Friday, 18 May 2018 : 7th Week of Easter, Memorial of Pope St. John I, Pope and Martyr (Homily and Scripture Reflections)

Liturgical Colour : White or Red (Martyrs)

Dear brothers and sisters in Christ, today we listened to the Scriptures through which we are reminded that as Christians all of us are ultimately bound to live by the will of God, and we will be led in our lives to where God wants us to be, and it is often that life will not go according to how we want it to be, no matter what we have done and are going to do in order to secure our desire.

In the first reading today, we listened to how St. Paul defended himself before the king of Judea, Agrippa, as well as the Roman governor of Judea, Festus. He spoke with such a wisdom and eloquence that he even almost persuaded them to be Christians. He has appealed to the Emperor, and would go on to Rome, in order to face the judgment as meted by the most powerful man in the world at that time.

In his earlier years, St. Paul was known as Saul, a fanatical and influential young Pharisee, who was renowned and glorified for his intense persecution of all Christians and all those who profess faith in the Lord Jesus. He seemed to be destined for a life of greatness and influence among the people of God, to be among the elites of the society as member of the Pharisees.

However, God did not wish it to end that way, that Saul remained a great enemy of Christ and His faithful ones. God instead called Saul and gave him an entirely new purpose and calling in life. And Saul chose to accept that role given to him, a role through which he would save countless souls, through his direct teaching and efforts, as well as through the many disciples and students he had led through those years of his service.

Then, in the Gospel today, we also heard about another Apostle, St. Peter, the head and appointed leader of the Apostles. The Lord Jesus entrusted His Church to his care, just as He had said before, that He would build His Church upon the foundation of Peter, the Rock. And the Lord Jesus said to St. Peter about the same expectation as I have just mentioned, that at the end of it all, it was God’s will that will prevail.

God said to St. Peter that he would have to suffer for being a disciple of His, and he would be led to places that he would not want to go. That was a foretelling of what he had to encounter, to be brought to Rome, where he would meet his martyrdom just as St. Paul would. He was crucified upside down in the place where the Basilica of St. Peter now stands, while St. Paul was beheaded at around the same place.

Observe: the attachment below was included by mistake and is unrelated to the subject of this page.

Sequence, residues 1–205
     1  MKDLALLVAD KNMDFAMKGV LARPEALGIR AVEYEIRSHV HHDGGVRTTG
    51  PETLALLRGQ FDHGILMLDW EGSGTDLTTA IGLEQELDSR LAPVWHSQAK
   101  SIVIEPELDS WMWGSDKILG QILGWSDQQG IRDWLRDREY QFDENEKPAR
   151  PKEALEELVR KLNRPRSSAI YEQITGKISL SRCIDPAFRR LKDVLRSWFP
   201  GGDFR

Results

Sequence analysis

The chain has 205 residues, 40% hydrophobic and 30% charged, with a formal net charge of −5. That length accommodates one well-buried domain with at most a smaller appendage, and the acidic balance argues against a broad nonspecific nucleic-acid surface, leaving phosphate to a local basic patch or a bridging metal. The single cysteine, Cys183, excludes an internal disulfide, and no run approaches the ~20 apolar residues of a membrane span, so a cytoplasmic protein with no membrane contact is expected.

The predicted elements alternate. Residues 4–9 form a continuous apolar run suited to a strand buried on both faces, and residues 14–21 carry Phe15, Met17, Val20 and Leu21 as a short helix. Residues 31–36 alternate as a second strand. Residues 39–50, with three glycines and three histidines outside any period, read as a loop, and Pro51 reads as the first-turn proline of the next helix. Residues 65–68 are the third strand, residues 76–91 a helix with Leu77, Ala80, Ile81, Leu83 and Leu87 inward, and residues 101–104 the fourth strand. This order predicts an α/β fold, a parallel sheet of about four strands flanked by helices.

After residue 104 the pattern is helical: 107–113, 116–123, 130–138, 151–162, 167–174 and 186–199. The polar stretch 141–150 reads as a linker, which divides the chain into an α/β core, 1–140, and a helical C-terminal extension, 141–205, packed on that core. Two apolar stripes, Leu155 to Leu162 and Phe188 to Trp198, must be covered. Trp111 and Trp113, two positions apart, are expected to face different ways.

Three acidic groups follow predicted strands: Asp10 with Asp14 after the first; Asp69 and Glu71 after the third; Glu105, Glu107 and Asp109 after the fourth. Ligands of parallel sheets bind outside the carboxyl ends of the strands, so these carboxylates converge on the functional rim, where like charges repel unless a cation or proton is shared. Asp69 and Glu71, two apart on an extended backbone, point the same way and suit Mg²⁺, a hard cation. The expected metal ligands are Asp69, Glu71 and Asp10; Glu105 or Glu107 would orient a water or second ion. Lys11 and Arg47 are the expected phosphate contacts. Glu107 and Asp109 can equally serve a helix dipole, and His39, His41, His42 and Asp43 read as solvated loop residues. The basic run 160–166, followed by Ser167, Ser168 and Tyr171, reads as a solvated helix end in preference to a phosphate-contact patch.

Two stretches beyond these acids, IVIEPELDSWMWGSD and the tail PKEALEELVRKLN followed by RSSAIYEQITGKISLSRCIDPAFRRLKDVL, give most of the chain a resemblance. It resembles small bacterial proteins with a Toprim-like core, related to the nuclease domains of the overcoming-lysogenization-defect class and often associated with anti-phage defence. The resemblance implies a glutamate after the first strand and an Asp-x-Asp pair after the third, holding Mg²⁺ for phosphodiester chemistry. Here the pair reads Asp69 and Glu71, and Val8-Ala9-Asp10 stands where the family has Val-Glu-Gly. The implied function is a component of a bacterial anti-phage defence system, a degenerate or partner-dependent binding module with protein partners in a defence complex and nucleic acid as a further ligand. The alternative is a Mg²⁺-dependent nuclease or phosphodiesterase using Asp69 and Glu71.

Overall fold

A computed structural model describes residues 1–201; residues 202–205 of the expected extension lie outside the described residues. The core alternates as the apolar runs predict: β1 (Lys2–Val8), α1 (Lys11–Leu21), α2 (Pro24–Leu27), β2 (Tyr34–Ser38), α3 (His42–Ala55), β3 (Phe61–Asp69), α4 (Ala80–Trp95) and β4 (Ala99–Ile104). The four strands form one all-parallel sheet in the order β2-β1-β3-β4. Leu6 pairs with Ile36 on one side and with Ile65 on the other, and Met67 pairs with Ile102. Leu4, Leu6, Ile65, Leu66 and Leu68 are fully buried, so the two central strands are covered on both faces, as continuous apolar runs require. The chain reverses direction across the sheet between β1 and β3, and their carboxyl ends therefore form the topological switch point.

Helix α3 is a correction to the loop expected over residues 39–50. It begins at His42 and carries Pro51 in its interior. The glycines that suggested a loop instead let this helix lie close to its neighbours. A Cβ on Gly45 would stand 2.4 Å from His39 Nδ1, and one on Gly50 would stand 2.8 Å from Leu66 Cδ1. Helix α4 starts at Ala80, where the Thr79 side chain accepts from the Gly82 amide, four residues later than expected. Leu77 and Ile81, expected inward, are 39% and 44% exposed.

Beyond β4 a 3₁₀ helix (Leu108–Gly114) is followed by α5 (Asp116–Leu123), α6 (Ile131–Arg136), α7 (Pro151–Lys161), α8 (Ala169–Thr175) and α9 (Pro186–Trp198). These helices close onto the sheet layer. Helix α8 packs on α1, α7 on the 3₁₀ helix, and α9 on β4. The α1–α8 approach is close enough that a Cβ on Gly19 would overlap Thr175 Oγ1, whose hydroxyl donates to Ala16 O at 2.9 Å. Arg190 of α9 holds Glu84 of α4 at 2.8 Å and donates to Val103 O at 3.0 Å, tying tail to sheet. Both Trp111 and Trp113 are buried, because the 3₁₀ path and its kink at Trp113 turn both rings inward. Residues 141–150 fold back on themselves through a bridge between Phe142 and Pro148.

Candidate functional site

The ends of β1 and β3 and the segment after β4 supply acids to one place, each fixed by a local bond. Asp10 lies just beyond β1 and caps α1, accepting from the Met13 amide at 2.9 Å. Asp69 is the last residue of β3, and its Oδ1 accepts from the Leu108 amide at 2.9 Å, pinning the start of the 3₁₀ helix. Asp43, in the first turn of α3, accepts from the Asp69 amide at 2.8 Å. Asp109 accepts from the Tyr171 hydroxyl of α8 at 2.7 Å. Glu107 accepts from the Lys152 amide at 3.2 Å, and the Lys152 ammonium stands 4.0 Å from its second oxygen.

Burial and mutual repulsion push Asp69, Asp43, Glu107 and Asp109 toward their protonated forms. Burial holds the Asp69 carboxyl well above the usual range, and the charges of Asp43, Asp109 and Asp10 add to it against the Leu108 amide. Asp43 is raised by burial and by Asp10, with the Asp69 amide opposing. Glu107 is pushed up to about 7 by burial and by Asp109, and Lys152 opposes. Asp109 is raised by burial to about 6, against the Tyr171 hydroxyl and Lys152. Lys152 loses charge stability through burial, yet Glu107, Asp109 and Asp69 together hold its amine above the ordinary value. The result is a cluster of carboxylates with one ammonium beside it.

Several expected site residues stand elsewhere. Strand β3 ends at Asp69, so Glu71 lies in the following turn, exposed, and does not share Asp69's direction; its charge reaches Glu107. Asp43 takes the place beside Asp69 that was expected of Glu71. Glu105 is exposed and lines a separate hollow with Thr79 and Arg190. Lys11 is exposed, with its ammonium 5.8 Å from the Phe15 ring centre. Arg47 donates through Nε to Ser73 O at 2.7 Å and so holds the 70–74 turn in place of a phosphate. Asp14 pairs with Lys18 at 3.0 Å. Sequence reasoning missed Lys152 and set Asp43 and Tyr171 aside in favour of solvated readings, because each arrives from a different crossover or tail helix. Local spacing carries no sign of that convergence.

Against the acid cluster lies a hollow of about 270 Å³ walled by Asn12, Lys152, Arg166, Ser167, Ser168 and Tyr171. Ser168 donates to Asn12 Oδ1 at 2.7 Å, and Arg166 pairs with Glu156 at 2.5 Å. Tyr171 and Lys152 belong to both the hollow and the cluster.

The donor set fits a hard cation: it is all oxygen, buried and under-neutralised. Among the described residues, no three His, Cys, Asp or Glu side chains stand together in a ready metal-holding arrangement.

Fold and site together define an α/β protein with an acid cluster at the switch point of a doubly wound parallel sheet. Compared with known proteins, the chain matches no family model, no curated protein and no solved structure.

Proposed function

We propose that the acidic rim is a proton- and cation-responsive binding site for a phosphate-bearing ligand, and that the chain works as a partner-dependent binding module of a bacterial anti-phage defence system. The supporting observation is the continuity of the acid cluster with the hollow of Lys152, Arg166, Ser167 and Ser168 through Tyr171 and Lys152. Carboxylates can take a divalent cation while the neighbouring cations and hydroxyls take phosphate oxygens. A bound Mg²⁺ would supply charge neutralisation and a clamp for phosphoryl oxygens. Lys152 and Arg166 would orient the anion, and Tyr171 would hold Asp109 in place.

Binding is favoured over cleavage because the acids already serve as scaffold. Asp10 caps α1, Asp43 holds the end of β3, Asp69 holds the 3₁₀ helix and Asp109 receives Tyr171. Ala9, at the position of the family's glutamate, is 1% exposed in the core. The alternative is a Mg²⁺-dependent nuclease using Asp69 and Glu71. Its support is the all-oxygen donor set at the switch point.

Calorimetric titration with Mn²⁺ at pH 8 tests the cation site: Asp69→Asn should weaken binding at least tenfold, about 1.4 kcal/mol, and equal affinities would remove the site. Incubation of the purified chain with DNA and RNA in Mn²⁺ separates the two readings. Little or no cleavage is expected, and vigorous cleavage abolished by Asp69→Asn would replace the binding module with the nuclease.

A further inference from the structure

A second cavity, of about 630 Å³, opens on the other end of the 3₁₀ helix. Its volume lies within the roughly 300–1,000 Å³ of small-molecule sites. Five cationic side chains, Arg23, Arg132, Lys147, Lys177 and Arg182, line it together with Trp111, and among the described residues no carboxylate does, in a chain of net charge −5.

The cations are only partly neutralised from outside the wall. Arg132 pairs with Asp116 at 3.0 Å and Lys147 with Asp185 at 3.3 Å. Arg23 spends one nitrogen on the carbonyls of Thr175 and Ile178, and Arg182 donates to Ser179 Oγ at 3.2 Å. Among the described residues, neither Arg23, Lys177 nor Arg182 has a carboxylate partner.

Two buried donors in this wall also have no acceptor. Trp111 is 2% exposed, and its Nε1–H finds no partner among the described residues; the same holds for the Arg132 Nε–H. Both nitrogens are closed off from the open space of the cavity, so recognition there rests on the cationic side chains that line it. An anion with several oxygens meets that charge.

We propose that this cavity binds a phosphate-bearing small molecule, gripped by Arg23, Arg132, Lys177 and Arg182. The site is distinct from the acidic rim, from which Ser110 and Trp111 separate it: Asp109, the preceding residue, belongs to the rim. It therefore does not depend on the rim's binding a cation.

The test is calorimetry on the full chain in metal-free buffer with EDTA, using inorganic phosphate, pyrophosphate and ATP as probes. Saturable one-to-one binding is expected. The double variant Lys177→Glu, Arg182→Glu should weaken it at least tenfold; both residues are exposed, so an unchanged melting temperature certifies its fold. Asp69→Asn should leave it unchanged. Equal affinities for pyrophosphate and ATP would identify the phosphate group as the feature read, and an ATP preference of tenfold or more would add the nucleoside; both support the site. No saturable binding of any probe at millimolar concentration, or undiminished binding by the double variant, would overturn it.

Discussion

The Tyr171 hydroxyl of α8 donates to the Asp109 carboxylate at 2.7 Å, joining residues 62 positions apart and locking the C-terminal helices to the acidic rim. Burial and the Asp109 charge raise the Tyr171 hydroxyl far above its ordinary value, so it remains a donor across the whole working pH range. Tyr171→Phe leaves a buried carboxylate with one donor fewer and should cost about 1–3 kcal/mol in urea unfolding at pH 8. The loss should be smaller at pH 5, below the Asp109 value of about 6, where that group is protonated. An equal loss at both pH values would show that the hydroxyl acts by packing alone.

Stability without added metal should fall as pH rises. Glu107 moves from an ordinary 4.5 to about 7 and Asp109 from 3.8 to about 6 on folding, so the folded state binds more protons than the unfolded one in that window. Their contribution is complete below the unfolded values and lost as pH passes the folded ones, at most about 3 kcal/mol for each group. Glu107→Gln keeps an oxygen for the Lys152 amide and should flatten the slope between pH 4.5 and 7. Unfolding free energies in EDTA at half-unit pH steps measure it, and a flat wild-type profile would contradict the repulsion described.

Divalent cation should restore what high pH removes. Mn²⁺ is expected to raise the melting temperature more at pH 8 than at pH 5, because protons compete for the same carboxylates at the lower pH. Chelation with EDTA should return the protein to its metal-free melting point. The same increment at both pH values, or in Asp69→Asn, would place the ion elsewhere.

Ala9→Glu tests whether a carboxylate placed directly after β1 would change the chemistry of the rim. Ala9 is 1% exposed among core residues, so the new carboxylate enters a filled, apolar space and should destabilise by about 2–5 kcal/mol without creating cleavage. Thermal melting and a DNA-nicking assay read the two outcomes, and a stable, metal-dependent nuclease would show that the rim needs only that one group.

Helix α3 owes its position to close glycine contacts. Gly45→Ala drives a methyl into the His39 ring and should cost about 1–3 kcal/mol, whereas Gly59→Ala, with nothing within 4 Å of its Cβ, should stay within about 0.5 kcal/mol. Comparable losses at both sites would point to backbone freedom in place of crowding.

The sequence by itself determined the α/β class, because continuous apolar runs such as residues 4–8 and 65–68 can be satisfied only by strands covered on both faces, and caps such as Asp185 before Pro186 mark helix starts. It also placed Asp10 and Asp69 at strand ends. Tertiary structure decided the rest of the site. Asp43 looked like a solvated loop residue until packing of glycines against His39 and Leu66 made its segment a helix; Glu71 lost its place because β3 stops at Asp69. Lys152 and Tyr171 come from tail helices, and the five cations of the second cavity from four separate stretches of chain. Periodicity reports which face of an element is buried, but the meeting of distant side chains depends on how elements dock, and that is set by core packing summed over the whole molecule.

Today we also remember the memory of another good servant of God, one of the early successors of St. Peter the Apostle, as the Vicar of Christ and Bishop of Rome. Pope St. John I was a devout servant of God, humble and faithful, elected to become the successor of St. Peter and lead the Church. At that time, the Church in Rome was under the rule of those who followed the false Arian heresy, and Pope St. John I was caught in the great dilemma of having to accommodate between the two sides in argument.

King Theoderic the Great of the Ostrogoths, who was an Arian, demanded that the Pope present his argument before the Roman Emperor in the city of Constantinople, that toleration and concessions must be given to those who believe in the Arian heresy. However, Pope St. John I resolutely supported the position of the Orthodox and true teachings of the faith as espoused in the Ecumenical Councils of the Church, and in the end, he was imprisoned by the king.

Pope St. John I would eventually die a prisoner of the faith, refusing to bend to the demands of the king. He and the Apostles of the Lord had shown us that, even many in the world will oppose us and persecute us, just because we believe in God and walk in His ways. They entrusted themselves to the Lord, and remained true and faithful to Him. And despite having suffered and died in pain, they now enjoy forever the glory of heaven.

Brothers and sisters in Christ, now, as Christians, all of us are also expected to have that same faith and commitment to the Lord, just as shown by our holy and devout predecessors. Let us all henceforth renew our commitment to our faith, and spend more time and effort in our relationship with God. May the Lord be with us all, and may He continue to be with us and bless us, all the days of our lives. Holy Apostles, St. Peter and St. Paul, and Pope St. John I, holy martyr, pray for us all. Amen.

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